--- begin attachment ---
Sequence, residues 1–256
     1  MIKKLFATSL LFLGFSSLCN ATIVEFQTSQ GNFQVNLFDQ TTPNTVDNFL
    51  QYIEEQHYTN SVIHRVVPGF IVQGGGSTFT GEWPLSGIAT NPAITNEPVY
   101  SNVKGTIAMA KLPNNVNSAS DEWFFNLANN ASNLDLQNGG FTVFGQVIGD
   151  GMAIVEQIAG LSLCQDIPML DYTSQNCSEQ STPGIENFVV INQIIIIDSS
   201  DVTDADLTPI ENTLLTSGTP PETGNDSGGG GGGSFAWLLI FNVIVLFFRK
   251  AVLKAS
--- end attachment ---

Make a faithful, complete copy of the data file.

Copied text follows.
Sequence, residues 1–256
     1  MIKKLFATSL LFLGFSSLCN ATIVEFQTSQ GNFQVNLFDQ TTPNTVDNFL
    51  QYIEEQHYTN SVIHRVVPGF IVQGGGSTFT GEWPLSGIAT NPAITNEPVY
   101  SNVKGTIAMA KLPNNVNSAS DEWFFNLANN ASNLDLQNGG FTVFGQVIGD
   151  GMAIVEQIAG LSLCQDIPML DYTSQNCSEQ STPGIENFVV INQIIIIDSS
   201  DVTDADLTPI ENTLLTSGTP PETGNDSGGG GGGSFAWLLI FNVIVLFFRK
   251  AVLKAS